Drupal empowers users to build complex site structures and relationships directly in the administrative user interface. In Drupal 7, the Features module was repurposed to manage site configuration deployments across environments. This developer-oriented workflow is now built into Drupal 8 core. But for small to medium-scale projects, strict configuration-based deployment workflows can be cumbersome and require substantial development expertise. How do we ensure the benefits of versioned config management after the original developers have moved on to greener pastures?
Fortunately, the configuration system is flexible and supports a wide range of workflows. A database UI-driven workflow is well-suited to rapid site prototyping and content modeling. A config-git-driven workflow pays dividends when scaling up the development team and performing automated tests. A live production site has a wide range of options for balancing rapid delivery with version control. Identifying and communicating the phase of work in a project’s lifecycle and shifting workflows accordingly will improve development productivity and increase the diversity of contributors on a project.
Since the release of Drupal 8, great strides have been made to develop a component based theming workflow that takes advantage of the best that Twig has to offer and also plays nice with living style guides and pattern libraries. Gone are the days of redundant styles and markup, making way for the efficiencies found when Drupal and tools like Pattern Lab and KSS can share the exact same code. That said, handling the mapping of data between Drupal and your component library can still be quite complicated and difficult to coordinate on larger cross-functional teams.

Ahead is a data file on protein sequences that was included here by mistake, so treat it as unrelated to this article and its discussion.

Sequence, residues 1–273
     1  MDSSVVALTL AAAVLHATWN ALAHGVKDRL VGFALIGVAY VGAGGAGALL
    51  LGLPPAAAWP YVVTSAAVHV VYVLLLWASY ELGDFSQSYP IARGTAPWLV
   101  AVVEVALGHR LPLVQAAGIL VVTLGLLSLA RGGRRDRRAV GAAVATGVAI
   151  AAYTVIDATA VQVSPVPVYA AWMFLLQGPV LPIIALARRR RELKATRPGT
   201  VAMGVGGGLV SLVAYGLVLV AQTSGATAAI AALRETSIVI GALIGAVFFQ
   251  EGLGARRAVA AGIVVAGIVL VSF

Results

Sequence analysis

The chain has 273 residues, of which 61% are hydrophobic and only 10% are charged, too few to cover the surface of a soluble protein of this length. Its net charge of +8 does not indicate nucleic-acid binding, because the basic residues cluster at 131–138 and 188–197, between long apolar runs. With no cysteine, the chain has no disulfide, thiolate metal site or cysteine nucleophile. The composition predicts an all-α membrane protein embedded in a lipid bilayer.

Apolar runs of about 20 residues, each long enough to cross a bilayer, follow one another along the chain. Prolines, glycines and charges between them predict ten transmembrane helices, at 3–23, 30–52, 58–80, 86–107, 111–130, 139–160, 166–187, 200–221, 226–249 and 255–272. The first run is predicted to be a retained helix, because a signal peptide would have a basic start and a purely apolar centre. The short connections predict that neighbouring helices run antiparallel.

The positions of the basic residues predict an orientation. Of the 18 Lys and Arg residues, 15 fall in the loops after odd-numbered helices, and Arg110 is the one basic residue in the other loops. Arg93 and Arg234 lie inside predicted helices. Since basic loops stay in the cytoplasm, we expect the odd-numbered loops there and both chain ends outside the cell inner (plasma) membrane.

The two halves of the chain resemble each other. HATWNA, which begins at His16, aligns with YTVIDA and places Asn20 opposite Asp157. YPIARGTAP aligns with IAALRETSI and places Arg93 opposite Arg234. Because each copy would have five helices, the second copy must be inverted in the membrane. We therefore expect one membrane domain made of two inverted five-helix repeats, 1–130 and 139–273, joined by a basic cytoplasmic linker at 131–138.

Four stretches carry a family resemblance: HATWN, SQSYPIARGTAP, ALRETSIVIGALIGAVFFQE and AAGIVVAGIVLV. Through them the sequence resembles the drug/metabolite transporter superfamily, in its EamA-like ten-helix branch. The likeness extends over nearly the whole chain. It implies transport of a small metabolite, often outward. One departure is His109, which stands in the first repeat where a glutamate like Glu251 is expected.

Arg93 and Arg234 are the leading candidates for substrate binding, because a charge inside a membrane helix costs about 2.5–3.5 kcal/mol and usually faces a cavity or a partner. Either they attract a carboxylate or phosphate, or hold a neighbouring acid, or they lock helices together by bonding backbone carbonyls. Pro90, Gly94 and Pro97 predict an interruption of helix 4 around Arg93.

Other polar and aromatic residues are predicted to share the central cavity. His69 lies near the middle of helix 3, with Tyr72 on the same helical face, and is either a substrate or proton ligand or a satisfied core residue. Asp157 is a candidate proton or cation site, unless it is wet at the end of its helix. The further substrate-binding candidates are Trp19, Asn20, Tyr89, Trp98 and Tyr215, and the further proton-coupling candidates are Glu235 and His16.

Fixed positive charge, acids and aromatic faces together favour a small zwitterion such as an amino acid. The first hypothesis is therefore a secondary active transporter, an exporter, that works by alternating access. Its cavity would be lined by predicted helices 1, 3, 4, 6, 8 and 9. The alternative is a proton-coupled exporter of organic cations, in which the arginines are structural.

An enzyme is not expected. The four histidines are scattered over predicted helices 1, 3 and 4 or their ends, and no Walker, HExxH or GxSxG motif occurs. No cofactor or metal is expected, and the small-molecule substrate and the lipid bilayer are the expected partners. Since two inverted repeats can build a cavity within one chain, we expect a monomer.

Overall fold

The UI Patterns Module offers a number of powerful ways to make Drupal more aware of the components in your pattern library. By exposing these patterns as Drupal plugins, UI Patterns Module makes it possible to manage this data mapping process within the Drupal Admin UI and also easily use these patterns with component friendly modules like Paragraphs, Panels and Field Layout.
This session will cover:
Basic setup and use of the UI Patterns Module.
Integrating UI Patterns into a typical workflow and theme structure using Drupal and Pattern Lab.
Using UI Patterns functionality to manage complicated mappings between Drupal and your component library.
Overcoming challenges with onboarding new developers who may not be familiar with this approach to theming.
Creating a component-friendly content editing experience.
This session is for front-end developers who have experimented with a component based theming in Drupal 8 and have been looking to streamline the process. It is also for front-end developers who haven’t yet adopted this emerging component based theming approach and have wondered how it might impact their workflow. And for those who are involved with Drupal 8 projects but are not front-end developers, this session should help you become aware of some of the potential challenges, as well as the advantages to this component based theming approach as it relates to your work.